Regan was one of two federal employees honored with the Roger W. Jones Award from the American University School of Public Affairs, for her leadership and “commitment to effective continuity of government.”

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November 13, 2017 in IRS News, Tax | Permalink | Comments (0)

TaxProf Blog Weekend Roundup

Sunday, November 12, 2017

Facebook Sues IRS Seeking Access To Internal Agency Appeal

Facebook (2016), Facebook Sues IRS Seeking Access to Internal Agency Appeal:

Facebook Inc. has sued the Internal Revenue Service seeking access to an internal IRS appeal process regarding a decision related to the social media giant’s tax bill.

In a 12-page complaint filed in U.S. District Court for the Northern District of California on Wednesday, Facebook claims that IRS counsel have stymied the company’s request to pursue an internal IRS appeal by citing a new and so far seldom-used rule that allows IRS exam teams to deny access to internal appeals when they determine such an appeal would not be in the interest of “sound tax administration.”

Facebook wants a finding that the IRS violated the Administrative Procedure Act by issuing the new rule — Revenue Procedure 2016-22, 2016-15 I.R.B. 1 — and by denying Facebook’s request for an internal appeal.

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November 12, 2017 in IRS News, Tax | Permalink | Comments (4)

Johnson Posts Tax Papers On SSRN

SSRN LogoCalvin H. Johnson (Texas) has posted several tax papers on SSRN:

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November 12, 2017 in Scholarship, Tax | Permalink | Comments (0)

The Top Five New Tax Papers

SSRN LogoThere is a bit of movement in this week's list of the Top 5 Recent Tax Paper Downloads, with a new #1 paper and a new paper debuting on the list at #5:

  1. [370 Downloads]  Background and Current Status of FATCA and CRS, by William Byrnes (Texas A&M)
  2. [292 Downloads]  Rejecting Charity: Why the IRS Denies Tax Exemption to 501(C)(3) Applicants, by Terri Lynn Helge (Texas A&M)
  3. [285 Downloads]  The Rise of Trust Decanting in the United States, by Robert Sitkoff (Harvard)
  4. [186 Downloads]  Slicing and Dicing: The Structural Problems of the Tax Reform Framework, by Reuven Avi-Yonah (Michigan)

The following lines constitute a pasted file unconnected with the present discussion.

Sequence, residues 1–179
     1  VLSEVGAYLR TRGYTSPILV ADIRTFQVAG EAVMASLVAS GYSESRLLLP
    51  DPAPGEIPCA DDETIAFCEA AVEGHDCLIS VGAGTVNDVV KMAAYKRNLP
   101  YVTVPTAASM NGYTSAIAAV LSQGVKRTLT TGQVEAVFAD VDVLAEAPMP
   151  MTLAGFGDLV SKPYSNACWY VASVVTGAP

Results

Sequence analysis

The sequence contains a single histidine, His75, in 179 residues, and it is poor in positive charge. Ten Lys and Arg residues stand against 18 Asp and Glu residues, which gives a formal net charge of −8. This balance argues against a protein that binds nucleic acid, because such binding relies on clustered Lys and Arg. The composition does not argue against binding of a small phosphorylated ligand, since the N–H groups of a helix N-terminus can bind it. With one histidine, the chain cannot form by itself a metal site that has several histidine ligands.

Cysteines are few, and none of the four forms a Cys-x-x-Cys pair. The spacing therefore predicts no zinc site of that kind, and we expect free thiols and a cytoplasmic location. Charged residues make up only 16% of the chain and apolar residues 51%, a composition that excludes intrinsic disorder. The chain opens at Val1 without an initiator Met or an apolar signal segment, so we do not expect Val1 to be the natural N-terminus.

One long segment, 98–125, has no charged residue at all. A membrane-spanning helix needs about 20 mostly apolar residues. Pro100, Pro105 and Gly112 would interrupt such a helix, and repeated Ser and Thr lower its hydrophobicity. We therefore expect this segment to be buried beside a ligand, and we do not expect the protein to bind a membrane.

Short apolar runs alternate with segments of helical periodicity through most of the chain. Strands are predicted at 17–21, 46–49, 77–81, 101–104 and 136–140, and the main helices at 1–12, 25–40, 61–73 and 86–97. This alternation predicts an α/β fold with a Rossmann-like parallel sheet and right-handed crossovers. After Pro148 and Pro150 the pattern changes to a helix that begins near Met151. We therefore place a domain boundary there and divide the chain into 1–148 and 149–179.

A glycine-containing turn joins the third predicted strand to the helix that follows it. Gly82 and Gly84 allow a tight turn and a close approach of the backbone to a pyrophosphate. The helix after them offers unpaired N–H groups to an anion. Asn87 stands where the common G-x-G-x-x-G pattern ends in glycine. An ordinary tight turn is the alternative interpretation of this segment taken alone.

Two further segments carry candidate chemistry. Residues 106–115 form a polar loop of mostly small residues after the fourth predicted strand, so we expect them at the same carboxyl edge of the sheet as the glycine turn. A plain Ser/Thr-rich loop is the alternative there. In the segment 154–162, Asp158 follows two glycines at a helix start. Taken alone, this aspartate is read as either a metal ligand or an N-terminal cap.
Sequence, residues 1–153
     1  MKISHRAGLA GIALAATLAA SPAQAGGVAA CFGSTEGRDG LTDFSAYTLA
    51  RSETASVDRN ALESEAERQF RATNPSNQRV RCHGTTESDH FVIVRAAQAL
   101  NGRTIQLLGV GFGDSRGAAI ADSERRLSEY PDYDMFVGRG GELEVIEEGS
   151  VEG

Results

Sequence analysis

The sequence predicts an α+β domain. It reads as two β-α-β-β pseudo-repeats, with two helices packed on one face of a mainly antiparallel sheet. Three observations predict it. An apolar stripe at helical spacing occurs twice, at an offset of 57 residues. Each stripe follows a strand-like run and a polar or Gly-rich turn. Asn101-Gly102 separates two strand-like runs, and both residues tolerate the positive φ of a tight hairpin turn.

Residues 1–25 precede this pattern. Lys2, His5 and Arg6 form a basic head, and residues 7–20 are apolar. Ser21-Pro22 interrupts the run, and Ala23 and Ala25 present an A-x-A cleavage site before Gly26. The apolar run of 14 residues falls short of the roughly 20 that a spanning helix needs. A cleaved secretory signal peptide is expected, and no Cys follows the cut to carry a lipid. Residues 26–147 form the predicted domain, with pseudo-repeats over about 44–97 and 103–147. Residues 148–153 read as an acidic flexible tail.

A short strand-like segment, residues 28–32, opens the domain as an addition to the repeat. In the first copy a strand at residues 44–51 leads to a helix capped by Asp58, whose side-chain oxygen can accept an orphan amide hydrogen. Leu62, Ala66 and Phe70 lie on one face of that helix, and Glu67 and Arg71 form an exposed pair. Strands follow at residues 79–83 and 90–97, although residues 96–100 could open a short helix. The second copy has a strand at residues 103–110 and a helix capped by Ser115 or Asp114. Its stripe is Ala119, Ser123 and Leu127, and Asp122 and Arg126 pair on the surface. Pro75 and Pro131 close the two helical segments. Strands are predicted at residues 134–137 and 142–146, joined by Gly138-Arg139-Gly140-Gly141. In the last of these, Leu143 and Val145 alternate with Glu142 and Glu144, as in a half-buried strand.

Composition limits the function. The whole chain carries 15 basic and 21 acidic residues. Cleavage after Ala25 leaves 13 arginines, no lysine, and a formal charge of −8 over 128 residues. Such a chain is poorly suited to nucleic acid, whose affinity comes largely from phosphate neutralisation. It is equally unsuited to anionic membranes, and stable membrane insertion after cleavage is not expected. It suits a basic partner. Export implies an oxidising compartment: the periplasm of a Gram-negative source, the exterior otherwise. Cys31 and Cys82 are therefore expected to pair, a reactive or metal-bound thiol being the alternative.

5. [163 Downloads]  Exploiting the Medicare Tax Loophole (review here), by Karen C. Burke (Florida)

November 12, 2017 in Scholarship, Tax, Top 5 Downloads | Permalink | Comments (0)

Saturday, November 11, 2017

This Week's Ten Most Popular TaxProf Blog Posts

NTA 110th Annual Conference On Taxation

National Tax Association (2016)The three-day National Tax Association 110th Annual Conference on Taxation concludes today in Philadelphia.  Today's highlights include:

Session #70: Capital Gains and Wealth Taxation

Session Organizer:  David Kamin (NYU)
Session Chair:  Jon Bakija (Williams College)

Tim Dowd (Joint Committee on Taxation), Robert McClelland (Urban Institute) & Jacob Mortenson (Joint Committee on Taxation), Do Tax Elasticities Change Over the Business Cycle? Evidence From the Sale of Capital Assets
Discussant:  Jon Bakija (Williams College)

Ari Glogower (Ohio State), Taxing Income and Wealth
Discussant:  William Gentry (Williams College)

David Kamin (NYU) & Jason Oh (UCLA), The Effects of Capital Gains Rate Uncertainty on Realization
Discussant:  Jon Bakija (Williams College)

David Miller (Proskauer Rose, New York), A Comprehensive Mark-to-Market Tax
Discussant:  William Gentry (Williams College)

Session #78:  Tax Law and Finance

Session Organizer:  David Kamin (NYU) 
Session Chair & Discussant:  Brian Galle (Georgetown)

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November 11, 2017 in Conferences, Scholarship, Tax | Permalink | Comments (0)

Oei & Ring: The Senate Tax Bill And The Battles Over Worker Classification

Shu-Yi Oei (Boston College) & Diane M. Ring (Boston College), The Senate Tax Bill and the Battles over Worker Classification: